Thursday, February 05, 2009


(I wrote this partly because it's what's going on in my life, and partly for my friend Lisa, who is pregnant and going through some normal pregnancy anxiety -- Lis, this is what you have to look forward to. It's going to be great, and you're going to have so much fun.)

Zeke is going through a particularly delightful stage right now. While of course I love the kid no matter what, lately he just seems so happy, so funny, so enthralled by life, that it's infectious.

When he turned one, he started the transition at school from the infant room to the wobbler room. And while it's been relatively smooth, it took awhile for him to feel completely comfortable. He would cling to me and cry when I dropped him off, he had a rough time settling into a nap schedule, and when I picked him up, he would freak out and run to me, as if he were afraid that I would turn around and leave again if he didn't grab me immediately.

At home, all of a sudden he didn't like bath time very much. This was huge, because he had always loved taking a bath. Splashing around and giggling had been one of the highlights of his day. But now he was crying and reaching to be taken out of the bath after two minutes, so Jason and I were doing our best to wash him and rinse him in 30 seconds or less. And bedtime was difficult -- he couldn't settle on a bedtime and he couldn't settle on a wake-up time, so some days he went to bed at 7 and woke up at 5, and others he went to bed at 9 and woke up at 7 or 8.

But then, in the last two or three weeks, something changed. Something clicked in him, I guess. Now when I drop him off at school, he goes right to his teacher, turns around and blows me a kiss. When I pick him up in the afternoon, he's happy to see me, but he's also happy to keep playing with his friends. He's napping from 11:30 to 1:30 every day. He goes to bed at 8 without fail (we stick him in his crib then regardless, but it's rare that he fusses. Usually he just says "na-na" -- his version of "night-night"-- and rolls over and goes to sleep).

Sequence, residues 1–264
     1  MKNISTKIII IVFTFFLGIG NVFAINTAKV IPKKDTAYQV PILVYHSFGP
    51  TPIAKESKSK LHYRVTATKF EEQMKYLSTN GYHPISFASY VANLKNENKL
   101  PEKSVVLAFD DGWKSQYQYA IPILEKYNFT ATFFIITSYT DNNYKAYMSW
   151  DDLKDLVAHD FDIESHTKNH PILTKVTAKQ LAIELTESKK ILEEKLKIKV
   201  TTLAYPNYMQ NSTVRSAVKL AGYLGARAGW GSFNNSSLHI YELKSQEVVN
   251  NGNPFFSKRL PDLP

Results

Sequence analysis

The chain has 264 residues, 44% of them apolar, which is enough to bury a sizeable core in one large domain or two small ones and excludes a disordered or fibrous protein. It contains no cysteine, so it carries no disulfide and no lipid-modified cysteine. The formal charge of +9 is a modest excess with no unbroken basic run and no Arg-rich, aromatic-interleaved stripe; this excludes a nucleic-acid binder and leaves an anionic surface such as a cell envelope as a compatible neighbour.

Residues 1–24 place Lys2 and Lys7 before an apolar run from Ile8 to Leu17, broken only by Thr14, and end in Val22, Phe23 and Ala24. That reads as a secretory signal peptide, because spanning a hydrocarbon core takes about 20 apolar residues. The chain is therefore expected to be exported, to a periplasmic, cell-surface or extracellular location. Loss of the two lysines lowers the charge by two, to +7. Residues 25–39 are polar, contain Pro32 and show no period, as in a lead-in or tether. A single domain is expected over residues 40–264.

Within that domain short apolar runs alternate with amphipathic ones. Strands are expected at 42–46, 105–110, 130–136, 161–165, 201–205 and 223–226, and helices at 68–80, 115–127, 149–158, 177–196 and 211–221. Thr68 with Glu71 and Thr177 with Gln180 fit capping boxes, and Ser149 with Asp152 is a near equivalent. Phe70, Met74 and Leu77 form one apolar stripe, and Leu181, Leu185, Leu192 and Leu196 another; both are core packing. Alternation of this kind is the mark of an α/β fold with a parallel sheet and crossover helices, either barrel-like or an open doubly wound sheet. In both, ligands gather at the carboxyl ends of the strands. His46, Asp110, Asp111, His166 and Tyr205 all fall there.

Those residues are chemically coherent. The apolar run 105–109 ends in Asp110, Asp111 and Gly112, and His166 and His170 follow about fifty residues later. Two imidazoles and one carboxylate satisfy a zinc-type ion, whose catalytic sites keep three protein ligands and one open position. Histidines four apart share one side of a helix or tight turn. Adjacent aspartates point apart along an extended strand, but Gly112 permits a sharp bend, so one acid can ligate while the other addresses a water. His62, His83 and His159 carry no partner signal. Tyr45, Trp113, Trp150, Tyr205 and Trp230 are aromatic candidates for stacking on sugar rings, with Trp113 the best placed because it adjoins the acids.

He's learning more and more words. He figured out how to jump with both feet off the ground, and is now showing the other kids in his class how to follow suit. He loves bath time again, splashing and laughing and jumping around in the tub. Plus there's the pre- and post-bath naked baby game of "chase," in which Zeke runs around upstairs and Jason and I run after him or he runs after us or we hide and then jump out and yell "boo!" as Zeke collapses in a fit of giggles.

He loves being outside, inspecting plants and trees, patting the dog, going to the playground and going down the slide by himself, running everywhere.

And he's just so insanely sweet. He'll be playing and then all of a sudden he'll run over to Jason or me to give us a hug and a kiss. I'll catch his eye in the rear-view mirror when we're driving somewhere, and he'll give me this huge toothy grin and say "hi!" He melts my heart.

Essentially, everything is perfect. He's doing great. He's comfortable with his life.

And in two weeks I'm going to uproot him and he's going to have to make another huge transition all over again. New house. New school. New friends.

I know he'll be fine. Kids are incredibly adaptable. Hell, my parents schlepped me all over the world, and I did just fine.

But a part of me feels incredibly guilty and anxious about taking him out of his comfort zone.


  1. Hey, thanks Wendy. I know Zeke will be fine with all of it - he's so gregarious and seemed so comfortable in a totally new situation with new kids when I met him at Thanksgiving. That said, you're right, it's new everything - for all of you. And you and Jason are going to be dealing with all the stress that comes with the new, plus keeping Zeke happy and making his changes as smooth as possible. You guys are so looking forward to this though, and I'm sure there's so much positive energy running around, that I can't help but feel it's all going to go really well.

  2. I know he'll be fine. You're absolutely right.

  3. I know that anxiety and we're getting ready to do it again, too. But experience tells me that they not only survive these changes, they even thrive afterward.

    And Lisa is going to be an amazing mom just like you, Wendy, don't you think?

  4. I do think she's going to be amazing. She's got that twisted sense of humor that all good parents need.